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Credit card debt resumes fall

by Peter Andrew
Credit card debt resumes fall

There was much excitement last month when the Federal Reserve published its regular analysis of consumer credit. The figures for December 2010 showed that for the first time in 26 months American consumers increased credit card use. The question on everyone’s lips was: Is this just a blip or are we seeing the start of a new trend?

Okay, it wasn’t on everyone’s lips, but it was the hot topic among those of us (including your blogger) who spend way too much time contemplating the minutiae of the credit card industry. You know: the sort of people you edge away from at parties.

Actually, it was a question that should have intrigued many more people. Because most consumers only take on extra debt (on credit cards, auto loans, boat loans and other things) if they are confident they can make payments. And that consumer confidence is likely to be key to a wider economic recovery.

Credit card debt down again

Now we know the answer to that big question. According to the Fed’s latest data, released Monday, revolving credit (which largely comprises credit card debt) fell again in January, suggesting that December’s rise really was a blip. Indeed, it fell at a faster rate than has been seen for some months, entirely wiping out what now looks like a very short-term holiday binge. Here are six telling figures from the Fed’s new statistical release, showing the nation’s total revolving credit balances at selected times:

  1. 2006–$871.0 billion
  2. 2007–$941.8 billion
  3. 2008–$957.5 billion
  4. November 2010–$797.7 billion
  5. December 2010–$799.7 billion
  6. January 2011–$795.5 billion

Credit cards not the only debt

Of course, credit card use and balances make up only one measure of consumer debt. The other (excluding mortgages, which the Fed doesn’t count in consumer credit data) comprises “nonrevolving” credit, including fixed-term loans for cars, mobile homes, education, boats, trailers, vacations and so on. This measure, largely driven by auto loans, has been rising sharply for months. Indeed, in spite of the fall in credit card balances, overall consumer indebtedness rose by more than $5 billion in January. And, at $1.62 trillion, nonrevolving credit comes in twice as high as revolving credit.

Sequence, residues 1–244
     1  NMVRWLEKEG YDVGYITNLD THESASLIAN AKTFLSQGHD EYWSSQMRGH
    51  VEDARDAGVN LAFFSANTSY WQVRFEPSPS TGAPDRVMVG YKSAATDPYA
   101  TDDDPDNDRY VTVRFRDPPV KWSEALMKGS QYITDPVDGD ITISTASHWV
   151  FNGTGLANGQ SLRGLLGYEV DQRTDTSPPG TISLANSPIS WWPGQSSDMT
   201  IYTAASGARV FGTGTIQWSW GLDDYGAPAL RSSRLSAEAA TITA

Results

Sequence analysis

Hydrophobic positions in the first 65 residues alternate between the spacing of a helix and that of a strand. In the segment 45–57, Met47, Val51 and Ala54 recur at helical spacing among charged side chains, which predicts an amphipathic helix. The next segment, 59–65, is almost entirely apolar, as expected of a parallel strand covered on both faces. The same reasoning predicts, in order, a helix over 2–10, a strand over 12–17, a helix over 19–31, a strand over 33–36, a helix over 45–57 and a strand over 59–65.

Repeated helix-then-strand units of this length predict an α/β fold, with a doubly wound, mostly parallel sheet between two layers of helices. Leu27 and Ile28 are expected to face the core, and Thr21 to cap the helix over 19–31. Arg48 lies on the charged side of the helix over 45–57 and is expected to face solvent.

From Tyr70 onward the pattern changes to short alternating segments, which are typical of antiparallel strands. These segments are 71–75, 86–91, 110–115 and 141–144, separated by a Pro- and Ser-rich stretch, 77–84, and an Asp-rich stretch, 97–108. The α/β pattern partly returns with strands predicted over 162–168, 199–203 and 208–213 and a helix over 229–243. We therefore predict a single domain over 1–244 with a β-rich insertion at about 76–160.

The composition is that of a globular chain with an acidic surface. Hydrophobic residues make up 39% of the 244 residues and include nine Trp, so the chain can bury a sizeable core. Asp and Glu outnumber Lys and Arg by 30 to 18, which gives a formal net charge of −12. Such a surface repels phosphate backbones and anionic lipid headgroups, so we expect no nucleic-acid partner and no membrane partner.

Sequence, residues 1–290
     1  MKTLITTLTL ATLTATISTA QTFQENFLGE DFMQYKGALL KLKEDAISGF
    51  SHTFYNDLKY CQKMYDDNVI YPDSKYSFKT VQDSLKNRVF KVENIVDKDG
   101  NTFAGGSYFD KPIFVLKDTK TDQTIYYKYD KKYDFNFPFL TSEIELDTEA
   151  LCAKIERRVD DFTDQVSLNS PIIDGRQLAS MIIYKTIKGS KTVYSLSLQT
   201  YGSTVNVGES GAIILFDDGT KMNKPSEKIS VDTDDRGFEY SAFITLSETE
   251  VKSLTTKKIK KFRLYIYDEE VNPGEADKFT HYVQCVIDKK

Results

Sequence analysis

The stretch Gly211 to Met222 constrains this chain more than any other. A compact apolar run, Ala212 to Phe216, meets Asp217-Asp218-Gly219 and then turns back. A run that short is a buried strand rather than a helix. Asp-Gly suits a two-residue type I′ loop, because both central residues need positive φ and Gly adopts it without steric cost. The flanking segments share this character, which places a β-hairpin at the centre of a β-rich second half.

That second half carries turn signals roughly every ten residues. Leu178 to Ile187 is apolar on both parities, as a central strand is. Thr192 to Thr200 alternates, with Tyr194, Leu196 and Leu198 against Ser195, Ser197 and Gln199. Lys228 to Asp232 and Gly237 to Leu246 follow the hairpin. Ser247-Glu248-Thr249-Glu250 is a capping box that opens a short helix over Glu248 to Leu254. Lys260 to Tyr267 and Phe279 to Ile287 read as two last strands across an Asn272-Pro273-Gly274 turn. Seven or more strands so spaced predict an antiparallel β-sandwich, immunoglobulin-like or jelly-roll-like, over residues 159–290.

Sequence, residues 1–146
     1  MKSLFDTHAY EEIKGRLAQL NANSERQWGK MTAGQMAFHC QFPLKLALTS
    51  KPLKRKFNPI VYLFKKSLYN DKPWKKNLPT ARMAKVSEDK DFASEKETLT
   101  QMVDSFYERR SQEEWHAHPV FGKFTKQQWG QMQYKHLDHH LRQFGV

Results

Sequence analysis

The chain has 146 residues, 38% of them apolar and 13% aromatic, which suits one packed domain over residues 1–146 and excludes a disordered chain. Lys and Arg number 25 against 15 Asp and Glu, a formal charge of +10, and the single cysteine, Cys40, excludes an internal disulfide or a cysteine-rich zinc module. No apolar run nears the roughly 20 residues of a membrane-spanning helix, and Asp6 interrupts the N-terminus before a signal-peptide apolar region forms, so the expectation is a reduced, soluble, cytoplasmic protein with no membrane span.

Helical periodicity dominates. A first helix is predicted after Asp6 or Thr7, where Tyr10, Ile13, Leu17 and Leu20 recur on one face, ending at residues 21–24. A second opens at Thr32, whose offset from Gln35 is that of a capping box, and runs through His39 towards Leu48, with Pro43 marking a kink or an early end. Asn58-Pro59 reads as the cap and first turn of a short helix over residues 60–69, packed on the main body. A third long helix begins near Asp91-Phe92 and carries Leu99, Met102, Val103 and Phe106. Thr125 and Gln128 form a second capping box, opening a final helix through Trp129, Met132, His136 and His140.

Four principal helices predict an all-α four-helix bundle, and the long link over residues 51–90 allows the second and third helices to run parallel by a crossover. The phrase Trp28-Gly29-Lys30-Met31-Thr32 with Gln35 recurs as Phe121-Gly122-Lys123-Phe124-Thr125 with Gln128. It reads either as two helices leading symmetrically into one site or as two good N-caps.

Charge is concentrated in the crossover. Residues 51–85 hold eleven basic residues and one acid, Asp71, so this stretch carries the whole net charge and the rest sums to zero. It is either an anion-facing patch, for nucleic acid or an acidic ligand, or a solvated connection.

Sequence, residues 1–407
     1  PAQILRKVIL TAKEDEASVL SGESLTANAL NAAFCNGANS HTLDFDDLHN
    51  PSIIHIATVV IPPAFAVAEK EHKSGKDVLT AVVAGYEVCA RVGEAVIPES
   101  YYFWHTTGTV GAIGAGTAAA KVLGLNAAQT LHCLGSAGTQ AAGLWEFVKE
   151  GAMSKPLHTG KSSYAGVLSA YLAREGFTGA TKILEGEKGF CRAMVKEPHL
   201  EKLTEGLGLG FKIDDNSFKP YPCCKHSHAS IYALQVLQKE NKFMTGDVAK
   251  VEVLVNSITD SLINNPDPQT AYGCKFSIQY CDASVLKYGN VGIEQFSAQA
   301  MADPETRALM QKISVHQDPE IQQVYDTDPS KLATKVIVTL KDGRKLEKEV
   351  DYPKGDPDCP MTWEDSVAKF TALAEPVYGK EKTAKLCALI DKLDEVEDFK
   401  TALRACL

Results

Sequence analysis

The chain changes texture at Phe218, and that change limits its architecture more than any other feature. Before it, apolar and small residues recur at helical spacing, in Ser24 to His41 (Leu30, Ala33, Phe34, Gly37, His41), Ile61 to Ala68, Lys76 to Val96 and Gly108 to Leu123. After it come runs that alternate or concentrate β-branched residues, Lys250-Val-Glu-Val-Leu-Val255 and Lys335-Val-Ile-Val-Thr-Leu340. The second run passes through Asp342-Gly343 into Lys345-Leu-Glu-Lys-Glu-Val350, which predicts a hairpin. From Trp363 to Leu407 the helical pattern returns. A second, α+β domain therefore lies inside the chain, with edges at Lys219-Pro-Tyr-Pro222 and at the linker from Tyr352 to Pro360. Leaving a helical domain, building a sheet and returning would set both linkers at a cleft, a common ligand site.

This isn’t necessarily a bad thing. Reuters says that auto sales were up 17 percent in January, which must surely represent a considerable number of jobs saved or created, not just in Detroit and in dealerships nationwide, but also in companies that supply a whole range of products. We’re not just talking auto part manufacturers here; the coffee shop next to the car lot and the grocery store that sells to the salesperson’s spouse are all able to offer greater job security to their existing staff and greater opportunities to those seeking work.

Credit card use set to grow?

Some observers are predicting that December’s rise in credit card debt could yet turn out to be less of blip and more of a precursor of things to come. Economists are expecting an uptick in consumer spending in February, according to a Reuters report. Barclays Capital economist Nicholas Tenev forecasts “further gains in consumer credit outstanding in the months to come,” Reuters said.

On the same day, IHS Global Insight economist Gregory Dacoof said, “the rebound in non-revolving credit is likely to spread to credit cards as consumers’ animal spirits return,” according to a Wall Street Journal report. Dacoof added, “we might see a few more drops in revolving credit over the coming months, but there is evidence that we’re at a turning point.”

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